Vendors responsible for ‘Aussie Tax’: Choice
Call of Duty: Modern Warfare 2 wins the gouge-fest
Australian consumer group Choice has pointed the bone at vendors for the infamous “Aussie tax”, in a submission to the Parliamentary Inquiry into IT Pricing.
Having studied the price of software, hardware, downloads and games in the Australian market, Choice has noted that Microsoft seems to want Australian developers to call by and say "hello": it's cheaper to buy a ticket to America and pick up a copy of Visual Studio 2010 Ultimate for $US11,899 than to buy it in Oz for more than $AU20,000.
While acknowledging that there are differences in taxes, wages, rent space, margins and logistics between countries, Choice’s submission singles out international price discrimination as the “most likely cause of Australia’s high IT prices”.
“As this increases the cost of retailers’ purchases (wholesale prices), it has a greater impact on retail prices”, Choice states.
In a recommendation likely to be fiercely resisted by rent-seekers in the industry, Choice calls on the government to educate consumers about “their right to access legitimate parallel imports from foreign markets” – at a time when local chennels are trying blackguard this practice with various campaigns against “grey markets”.
For example, last month retailer JB Hifi apparently abandoned its attempt to run its own parallel operation, redirecting its JB Hifi Direct Website back to its home page and pulling ads for the “parallel” products. The company has stayed mum on the reasons for the change, but at the time, both Canon and Nikon made veiled threats about retail relationships.
On average, Choice says Australians pay 52 percent more than American consumers for iTunes downloads, based on an analysis of both singles and albums (we can, however, pick up a couple of steals: if your taste runs to downloading Don McLean’s American Pie, or Billy Joel’s Piano Man, they are respectively 12 percent and 1 percent cheaper than in the US).
In the notorious games market, Call of Duty: Modern Warfare 2 was the standout, marked up by 342 percent over the US price; in a sample of ten games, the average gouging was 232 percent.
If we buy software rather than pirating it, we pay 34 percent over-the-odds on average (with some Adobe products surprisingly cheaper here than in the US at the time of the Choice sample), and a sample of Wii games averaged an 88 percent markup (compared to a UK-US price differential of just 26 percent). Finally, a sample of Dell hardware revealed a 41 percent markup.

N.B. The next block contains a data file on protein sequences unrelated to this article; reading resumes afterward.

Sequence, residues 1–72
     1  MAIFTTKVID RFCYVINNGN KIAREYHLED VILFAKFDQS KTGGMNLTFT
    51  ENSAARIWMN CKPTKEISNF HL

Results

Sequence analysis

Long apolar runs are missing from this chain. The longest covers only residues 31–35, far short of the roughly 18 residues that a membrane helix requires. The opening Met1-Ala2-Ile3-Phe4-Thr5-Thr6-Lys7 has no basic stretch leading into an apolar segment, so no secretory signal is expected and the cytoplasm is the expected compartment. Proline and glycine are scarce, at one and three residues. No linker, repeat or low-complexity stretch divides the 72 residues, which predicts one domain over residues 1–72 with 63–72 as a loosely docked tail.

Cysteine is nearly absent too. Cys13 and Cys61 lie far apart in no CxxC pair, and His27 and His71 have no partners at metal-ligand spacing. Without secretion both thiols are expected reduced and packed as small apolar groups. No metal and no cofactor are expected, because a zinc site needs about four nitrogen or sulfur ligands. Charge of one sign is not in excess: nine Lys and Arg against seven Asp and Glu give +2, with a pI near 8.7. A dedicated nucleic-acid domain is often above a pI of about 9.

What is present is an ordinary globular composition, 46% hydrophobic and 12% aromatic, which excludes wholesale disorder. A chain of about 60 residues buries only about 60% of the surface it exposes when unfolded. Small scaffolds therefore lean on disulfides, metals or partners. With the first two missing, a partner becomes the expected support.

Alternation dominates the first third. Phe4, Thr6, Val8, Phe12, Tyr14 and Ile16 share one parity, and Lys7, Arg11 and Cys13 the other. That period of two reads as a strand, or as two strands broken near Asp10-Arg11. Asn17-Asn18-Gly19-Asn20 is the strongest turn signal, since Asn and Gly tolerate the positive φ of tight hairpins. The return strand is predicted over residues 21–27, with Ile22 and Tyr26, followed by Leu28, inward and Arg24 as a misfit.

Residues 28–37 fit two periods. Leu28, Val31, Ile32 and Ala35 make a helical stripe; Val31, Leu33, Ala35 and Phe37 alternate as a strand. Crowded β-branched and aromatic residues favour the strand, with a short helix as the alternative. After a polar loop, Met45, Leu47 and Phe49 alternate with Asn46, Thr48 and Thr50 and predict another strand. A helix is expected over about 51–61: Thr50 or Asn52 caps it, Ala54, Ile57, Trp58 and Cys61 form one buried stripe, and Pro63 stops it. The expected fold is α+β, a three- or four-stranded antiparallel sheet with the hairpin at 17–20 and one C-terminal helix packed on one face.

Apple gets off lightly, by comparison, averaging just 12 percent higher hardware prices in Australia than in the USA. This is so close to Australia’s 10 percent GST that Choice notes prices are more-or-less in parity between the two markets.
Choice tested the widespread argument that Australian retail rents account for the price difference by looking at the differentials for software products, and found that the price differentials for online stores with no shopfronts (48 percent) were nearly identical to the recommended retail price differences for the physical products (49 percent). ®
the problem with digital online distribution
I have refused to buy most digital content online when it is priced the way it is and is restricted the way it currently is.
Why anyone would buy a movie on say the PSN network (which has higher compression, is DRM protected to only play on your one brand of device as well as costs you your own bandwidth to download) instead of spending LESS money and buying a physical Blu-ray disc (which isn't as compressed, which you can take and use anywhere as well as actually re-selling it when you're finished with it) surprises me as the only current advantage to "digital-online" seems to be the "speed of delivery" which in itself requires you to be already paying a decent monthly sum for your internet connection.
It is a shame because all this online digital delivery could have benefitted both the sellers AND the end customers but the way the sellers decided to price things the only one who it really ends up helping is the seller. The end customer is often actually worse-off buying digitally online especially when you consider DRM and the second hand re-sale market completely disappearing/not even an option for goods bought digitally.
It is also a shame because the digital download model DOES actually work in many cases, I have bought plenty of software online, direct from the developers (usually smaller developers) who are more than happy to charge me the same price as their US customers, I'm glad that I'm not being ripped off for simply being 'outside' of the US, but I'm even gladder to see 100% of my money go direct to the developer and not some middleman retailer who adds nothing to the product outside of controlling its availability.
Re: It is obscene
When this stuff happens my usual think is to pay nobody. You're obviously not going to pay the 70 and the 30 can die just for the price difference.
If every consumer behaved like me the world would so much be a better place.
Adobe products the same price or cheaper in Australia!!!
Man I'd love to know which ones, cause they're certainly not the ones I use and require on a daily basis. Those ones have a huge "Australia tax" on them locally.
The only Adobe products I can think of which cost the same here as in the US are PDF reader and Flash player...cause they're both given away FREE like a virus.
I'd guess the "cheaper here" Adobe products are probably something already cheap/simple like Lightroom, but for the most part, the actual products that Adobe make most of their "bread and Butter" on (CS packages) are vastly overpriced locally in comparison to the US no matter how Adobe PR or research firms like to spin it.